|Chairperson Neil Faiman; members Joanna Eckstrom, Carol Roberts, Jim Tuttle & Bob Spear; alternate member Eric Fowler.
Faiman called the meeting to order at 7:32 p.m. He then introduced the Board members.
Eckstrom asked that any amendments or corrections to the minutes be spelled out in detail.
Fowler noticed that in the fourth paragraph on page 1, Ms. Eckstrom was referred to as Mr. Eckstrom and that needed to be corrected.
|Eckstrom/Tuttle to approve 8/9/05 minutes as amended. Five in favor and Mr. Fowler abstained.
Faiman then explained the Board procedure for hearing cases to the audience, he also noted that a number of abutters were not notified of the first hearing, but he believes all have been notified now. Because there were some abutters in the audience that were not aware of the first hearing, he asked the applicant to do a brief summary of what they presented last month.
Household of Faith has applied for a variance to section 5.3.7 of the Wilton Zoning Ordinance, to permit the creation of seven dwelling units in the existing building on Lot J – 038, 16 Maple Street.
Peter Manha represented the applicant and did a brief summary of what he presented last month. (See 8/9/05 ZBA Minutes).
Susan Childress, 15 Maple Street, asked what exterior changes would be made to the house or the grounds. Spear said that exterior fire escapes from the second floor would be added. Manha said that the added parking spaces would be taking away less than 10% of the current grounds. They will also be taking out a poplar tree.
Abutter Jason Joyal, 29 Park Street, asked if this was going to be temporary or transitional housing. Manha said no, their goal is to have market rate or affordable apartments.
Abutter Judy Collins, 25 Park Street, asked who would manage the building. Manha said that at present the plan is that he will be doing it. There is no plan for a resident manager.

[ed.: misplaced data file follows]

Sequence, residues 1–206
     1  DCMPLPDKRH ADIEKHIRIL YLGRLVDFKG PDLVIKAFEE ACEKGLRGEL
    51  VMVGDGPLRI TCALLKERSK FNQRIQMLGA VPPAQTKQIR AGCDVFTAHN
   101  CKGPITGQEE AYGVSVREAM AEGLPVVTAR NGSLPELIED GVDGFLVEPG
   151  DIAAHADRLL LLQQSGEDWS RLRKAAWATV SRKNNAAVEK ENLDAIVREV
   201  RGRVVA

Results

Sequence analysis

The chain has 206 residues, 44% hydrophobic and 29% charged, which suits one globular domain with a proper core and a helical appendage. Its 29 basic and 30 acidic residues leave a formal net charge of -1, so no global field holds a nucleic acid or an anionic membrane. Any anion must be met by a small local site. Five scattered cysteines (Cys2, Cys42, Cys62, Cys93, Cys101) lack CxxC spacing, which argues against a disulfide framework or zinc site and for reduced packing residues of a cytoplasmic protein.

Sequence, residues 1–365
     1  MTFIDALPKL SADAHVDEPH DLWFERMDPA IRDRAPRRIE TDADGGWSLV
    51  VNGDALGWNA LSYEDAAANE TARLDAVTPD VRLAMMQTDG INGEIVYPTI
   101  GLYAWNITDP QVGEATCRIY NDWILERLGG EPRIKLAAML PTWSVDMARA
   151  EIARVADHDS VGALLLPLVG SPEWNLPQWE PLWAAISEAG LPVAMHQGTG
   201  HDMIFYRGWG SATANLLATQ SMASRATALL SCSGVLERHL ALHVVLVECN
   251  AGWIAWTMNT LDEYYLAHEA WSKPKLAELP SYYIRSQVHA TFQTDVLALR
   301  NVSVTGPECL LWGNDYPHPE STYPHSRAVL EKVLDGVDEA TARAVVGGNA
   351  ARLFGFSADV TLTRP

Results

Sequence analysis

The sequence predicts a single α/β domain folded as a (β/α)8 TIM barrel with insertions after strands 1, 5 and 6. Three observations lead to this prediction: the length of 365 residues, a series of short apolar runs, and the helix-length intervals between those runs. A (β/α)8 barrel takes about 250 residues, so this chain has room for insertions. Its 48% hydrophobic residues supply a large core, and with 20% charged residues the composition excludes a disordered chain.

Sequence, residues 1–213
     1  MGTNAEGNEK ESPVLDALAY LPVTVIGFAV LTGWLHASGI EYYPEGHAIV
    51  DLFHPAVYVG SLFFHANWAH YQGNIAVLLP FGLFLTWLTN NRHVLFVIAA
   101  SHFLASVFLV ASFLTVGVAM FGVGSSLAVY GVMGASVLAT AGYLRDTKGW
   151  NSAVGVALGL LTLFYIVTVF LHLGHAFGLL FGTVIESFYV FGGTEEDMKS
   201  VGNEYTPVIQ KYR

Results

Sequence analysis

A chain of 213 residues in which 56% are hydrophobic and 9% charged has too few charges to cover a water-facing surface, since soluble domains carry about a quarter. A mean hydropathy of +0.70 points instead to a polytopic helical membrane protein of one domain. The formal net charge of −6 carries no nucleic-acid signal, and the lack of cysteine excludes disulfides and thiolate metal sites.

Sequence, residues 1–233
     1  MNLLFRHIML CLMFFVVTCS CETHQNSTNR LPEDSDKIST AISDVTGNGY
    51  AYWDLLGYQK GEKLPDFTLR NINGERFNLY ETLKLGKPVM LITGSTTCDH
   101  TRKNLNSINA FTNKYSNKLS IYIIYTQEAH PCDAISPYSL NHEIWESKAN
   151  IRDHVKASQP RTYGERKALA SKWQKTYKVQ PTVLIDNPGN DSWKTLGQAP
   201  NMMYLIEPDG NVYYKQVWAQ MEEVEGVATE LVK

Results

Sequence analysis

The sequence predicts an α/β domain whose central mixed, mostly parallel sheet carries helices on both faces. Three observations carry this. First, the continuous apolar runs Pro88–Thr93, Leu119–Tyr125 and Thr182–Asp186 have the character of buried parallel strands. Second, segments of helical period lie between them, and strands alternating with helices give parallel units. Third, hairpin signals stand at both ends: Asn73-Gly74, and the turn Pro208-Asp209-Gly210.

Abutter Chip McConney, 21 Maple Street, asked how many parking spaces there are currently on the property. Manha explained that spaces aren’t marked out, but in the proposed parking area there are probably about 7.
Dick Rockwood asked if there would be any common rooms. Manha said no. Rockwood asked Manha to explain Household of Faith’s previous application to the ZBA. Manha said that the request was two-part: transitional housing for women, wherein women and their children could use four of the bedrooms for short-term stays; the second part was to rent the pool and barn open areas to a group like the Boys & Girls Club to help support the building. Manha said the ZBA didn’t grant the second half of the proposal and thus they are looking for another way to support the building.
Abutter Cynthia McConney, 21 Maple Street, asked about overflow parking, in case some of the larger units would have more than two cars. Manha said that there is another paved area in the back of the lot if it is needed.
Manha presented board members with a packet of information that covered the break-even analysis of the proposed use, a chart showing the multi-family homes in the area around the Abbot House, and articles from Harvard University Joint Center for Housing Studies and Habitat for Humanity that address the issue of multifamily housing not lowering property values.
Eckstrom asked if the articles specified the number of units in the multifamily dwellings. Manha said no. Eckstrom said, then it could be 2 or 20 units. Manha said yes.
Appraiser Robert Bramley, of R.G. Bramley & Co., Nashua, represented the applicant and presented the board with a report and stated that the subject property has been well maintained and its appearance contributes positively to the appearance of the neighborhood. Because there would be very few exterior changes to the house, his opinion was that conversion to a seven unit apartment building would not negatively impact property values in this neighborhood and would not negatively impact the character of the neighborhood. Chet Rogers, also with R.G. Bramley & Co., explained the density study in the report, which shows that the subject property, because of its large lot size, has the fewest dwelling units and bedrooms per acre, compared to both multifamily and single family residences in the immediate area.